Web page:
U.S. Rep. Terri Sewell, AL-07, yesterday, attended oral arguments at the Supreme Court in the case of Merrill v. Milligan. The case will decide whether Alabama’s redrawn congressional map violates Section 2 of the Voting Rights Act of 1965 (VRA) by diluting the voting power of African Americans in the state. In Alabama, African Americans make up nearly one third of eligible voters but hold a majority in only one of Alabama’s seven congressional districts.
“We in Alabama are no strangers to the fight for fair representation,” said Rep. Sewell. “After all, it was in Selma—almost six decades ago—where John Lewis and so many Foot Soldiers shed blood on a bridge for the equal right of all Americans to vote. But today, we know that old battles have become new again. As the Voting Rights Act of 1965 remains on life-support, states across the nation are racing to restrict voting access to dilute our power and erase our progress. Today, they are taking aim at one of the last remaining provisions of the VRA, Section 2.”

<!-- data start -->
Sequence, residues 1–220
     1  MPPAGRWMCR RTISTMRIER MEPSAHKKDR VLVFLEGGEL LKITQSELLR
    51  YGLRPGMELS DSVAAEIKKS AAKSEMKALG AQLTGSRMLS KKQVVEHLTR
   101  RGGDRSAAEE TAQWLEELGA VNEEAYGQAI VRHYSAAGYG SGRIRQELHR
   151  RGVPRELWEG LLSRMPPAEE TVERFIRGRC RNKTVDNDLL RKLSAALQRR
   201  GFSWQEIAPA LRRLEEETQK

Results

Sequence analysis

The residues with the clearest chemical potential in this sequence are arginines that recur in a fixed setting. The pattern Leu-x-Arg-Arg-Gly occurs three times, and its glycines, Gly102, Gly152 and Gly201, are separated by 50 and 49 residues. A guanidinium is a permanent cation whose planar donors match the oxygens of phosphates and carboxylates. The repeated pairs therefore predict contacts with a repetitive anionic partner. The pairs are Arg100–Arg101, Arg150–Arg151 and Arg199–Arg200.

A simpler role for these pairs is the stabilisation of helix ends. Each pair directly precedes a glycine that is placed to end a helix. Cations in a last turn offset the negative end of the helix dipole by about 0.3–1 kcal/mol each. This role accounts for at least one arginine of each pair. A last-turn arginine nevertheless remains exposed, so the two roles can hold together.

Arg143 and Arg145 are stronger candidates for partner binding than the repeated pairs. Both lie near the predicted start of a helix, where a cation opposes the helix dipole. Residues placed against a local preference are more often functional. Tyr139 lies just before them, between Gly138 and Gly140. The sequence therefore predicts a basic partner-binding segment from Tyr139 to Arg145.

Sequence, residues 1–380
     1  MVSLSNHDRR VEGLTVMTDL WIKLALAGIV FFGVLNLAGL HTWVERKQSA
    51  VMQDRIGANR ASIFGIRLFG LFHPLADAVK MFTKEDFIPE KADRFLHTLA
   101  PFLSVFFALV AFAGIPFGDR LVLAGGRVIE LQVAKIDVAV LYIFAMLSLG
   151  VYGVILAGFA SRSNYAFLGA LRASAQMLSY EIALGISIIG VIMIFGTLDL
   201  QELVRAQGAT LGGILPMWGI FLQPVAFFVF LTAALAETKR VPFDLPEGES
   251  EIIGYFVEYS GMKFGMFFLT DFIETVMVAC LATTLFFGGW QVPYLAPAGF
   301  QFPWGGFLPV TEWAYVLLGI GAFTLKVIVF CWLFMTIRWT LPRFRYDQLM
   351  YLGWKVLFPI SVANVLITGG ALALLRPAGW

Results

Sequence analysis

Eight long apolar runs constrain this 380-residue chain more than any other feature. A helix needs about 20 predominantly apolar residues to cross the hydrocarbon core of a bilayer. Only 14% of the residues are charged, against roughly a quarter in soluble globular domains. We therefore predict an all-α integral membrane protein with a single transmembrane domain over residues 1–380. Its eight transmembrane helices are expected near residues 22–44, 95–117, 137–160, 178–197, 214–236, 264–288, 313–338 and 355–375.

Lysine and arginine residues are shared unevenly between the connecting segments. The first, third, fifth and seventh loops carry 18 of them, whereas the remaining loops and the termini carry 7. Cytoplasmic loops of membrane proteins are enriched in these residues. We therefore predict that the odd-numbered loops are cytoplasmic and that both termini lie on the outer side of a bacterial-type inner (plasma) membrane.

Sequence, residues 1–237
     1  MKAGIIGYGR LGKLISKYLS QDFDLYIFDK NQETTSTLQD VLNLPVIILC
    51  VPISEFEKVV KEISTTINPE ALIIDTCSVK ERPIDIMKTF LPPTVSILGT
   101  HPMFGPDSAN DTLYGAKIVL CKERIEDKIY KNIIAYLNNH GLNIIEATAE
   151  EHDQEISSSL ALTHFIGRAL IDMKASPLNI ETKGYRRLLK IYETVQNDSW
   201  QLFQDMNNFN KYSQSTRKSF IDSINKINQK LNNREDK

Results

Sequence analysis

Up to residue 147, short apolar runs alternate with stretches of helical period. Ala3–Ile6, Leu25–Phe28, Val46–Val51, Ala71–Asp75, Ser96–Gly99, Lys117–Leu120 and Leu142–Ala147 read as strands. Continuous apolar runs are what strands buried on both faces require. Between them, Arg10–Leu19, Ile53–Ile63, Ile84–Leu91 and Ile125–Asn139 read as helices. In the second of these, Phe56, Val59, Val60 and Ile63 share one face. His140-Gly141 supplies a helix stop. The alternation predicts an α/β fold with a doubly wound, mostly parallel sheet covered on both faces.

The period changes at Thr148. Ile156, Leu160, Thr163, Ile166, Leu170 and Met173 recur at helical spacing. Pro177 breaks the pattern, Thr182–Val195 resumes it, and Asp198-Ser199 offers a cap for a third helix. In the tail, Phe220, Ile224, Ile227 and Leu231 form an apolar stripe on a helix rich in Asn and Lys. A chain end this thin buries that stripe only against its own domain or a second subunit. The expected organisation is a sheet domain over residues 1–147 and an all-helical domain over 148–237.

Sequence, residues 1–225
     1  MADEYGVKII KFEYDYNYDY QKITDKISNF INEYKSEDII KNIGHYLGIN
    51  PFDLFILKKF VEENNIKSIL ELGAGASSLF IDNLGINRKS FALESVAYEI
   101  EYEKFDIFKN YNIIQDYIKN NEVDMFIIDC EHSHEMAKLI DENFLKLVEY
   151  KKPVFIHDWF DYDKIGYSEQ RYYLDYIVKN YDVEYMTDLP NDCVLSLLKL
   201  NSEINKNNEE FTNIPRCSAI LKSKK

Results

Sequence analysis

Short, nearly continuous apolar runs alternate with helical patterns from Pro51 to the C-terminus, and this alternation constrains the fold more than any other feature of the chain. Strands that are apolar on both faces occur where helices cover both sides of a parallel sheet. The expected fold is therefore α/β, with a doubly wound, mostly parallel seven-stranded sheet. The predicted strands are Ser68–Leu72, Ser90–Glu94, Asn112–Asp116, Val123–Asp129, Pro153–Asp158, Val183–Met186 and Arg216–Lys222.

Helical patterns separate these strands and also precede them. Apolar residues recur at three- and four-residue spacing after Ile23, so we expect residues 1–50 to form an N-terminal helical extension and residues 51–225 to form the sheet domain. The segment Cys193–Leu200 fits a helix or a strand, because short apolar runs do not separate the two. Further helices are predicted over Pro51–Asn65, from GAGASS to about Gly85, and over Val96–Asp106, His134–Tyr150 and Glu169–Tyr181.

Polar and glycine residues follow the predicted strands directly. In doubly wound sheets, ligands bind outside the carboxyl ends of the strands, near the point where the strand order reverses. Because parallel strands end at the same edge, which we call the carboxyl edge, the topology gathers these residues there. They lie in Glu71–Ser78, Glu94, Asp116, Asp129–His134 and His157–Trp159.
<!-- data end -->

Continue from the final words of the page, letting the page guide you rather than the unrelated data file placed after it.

“Fair representation matters,” continued Sewell. “I urge our Justices to do what is right and uphold the protections that our foremothers and forefathers fought so hard to secure. I also urge the Senate to do its job and pass the John R. Lewis Voting Rights Advancement Act to restore the full power of the VRA.”
In 2013, with the late Congressman John Lewis by her side, Rep. Sewell attended the oral arguments of the Supreme Court’s Shelby County v. Holder case which gutted Section 4 of the Voting Rights Act and marked the beginning of the Court’s sustained assault on the nation’s most consequential voting rights law.
“While John Lewis is no longer with us, I know that he will is watching from above as we once again strive to bring our nation closer to its highest ideals,” continued Sewell. “It is up to each of us to ensure his legacy lives on.”